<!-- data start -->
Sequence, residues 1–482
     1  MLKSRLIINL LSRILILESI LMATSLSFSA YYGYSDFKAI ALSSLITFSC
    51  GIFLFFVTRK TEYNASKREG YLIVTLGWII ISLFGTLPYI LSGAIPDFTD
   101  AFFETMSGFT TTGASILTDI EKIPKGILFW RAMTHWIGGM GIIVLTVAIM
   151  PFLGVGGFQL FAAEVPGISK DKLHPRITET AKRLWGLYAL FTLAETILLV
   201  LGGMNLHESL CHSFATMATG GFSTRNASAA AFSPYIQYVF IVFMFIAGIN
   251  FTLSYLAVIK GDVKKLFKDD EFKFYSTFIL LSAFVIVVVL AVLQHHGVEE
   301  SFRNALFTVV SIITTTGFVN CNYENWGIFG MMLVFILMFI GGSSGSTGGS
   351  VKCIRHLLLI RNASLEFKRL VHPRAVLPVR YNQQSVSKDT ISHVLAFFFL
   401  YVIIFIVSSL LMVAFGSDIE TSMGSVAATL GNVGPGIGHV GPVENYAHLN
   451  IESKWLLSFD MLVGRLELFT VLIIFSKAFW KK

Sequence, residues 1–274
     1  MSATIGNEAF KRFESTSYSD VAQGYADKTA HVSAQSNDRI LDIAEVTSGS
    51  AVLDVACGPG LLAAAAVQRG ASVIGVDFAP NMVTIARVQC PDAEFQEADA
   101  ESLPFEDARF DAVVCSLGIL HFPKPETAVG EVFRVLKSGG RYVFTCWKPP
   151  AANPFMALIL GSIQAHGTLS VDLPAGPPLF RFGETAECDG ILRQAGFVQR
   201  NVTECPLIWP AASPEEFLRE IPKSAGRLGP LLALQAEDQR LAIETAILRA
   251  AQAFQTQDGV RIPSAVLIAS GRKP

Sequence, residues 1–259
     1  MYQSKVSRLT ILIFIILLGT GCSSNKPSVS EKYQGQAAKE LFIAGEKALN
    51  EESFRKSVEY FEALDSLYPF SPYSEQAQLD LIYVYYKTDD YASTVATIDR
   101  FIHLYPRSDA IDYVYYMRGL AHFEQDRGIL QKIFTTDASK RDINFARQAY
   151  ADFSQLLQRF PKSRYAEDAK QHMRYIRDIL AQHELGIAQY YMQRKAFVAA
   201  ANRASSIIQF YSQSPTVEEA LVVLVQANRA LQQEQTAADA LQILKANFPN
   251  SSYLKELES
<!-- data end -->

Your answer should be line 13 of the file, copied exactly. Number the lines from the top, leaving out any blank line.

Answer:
     1  MSATIGNEAF KRFESTSYSD VAQGYADKTA HVSAQSNDRI LDIAEVTSGS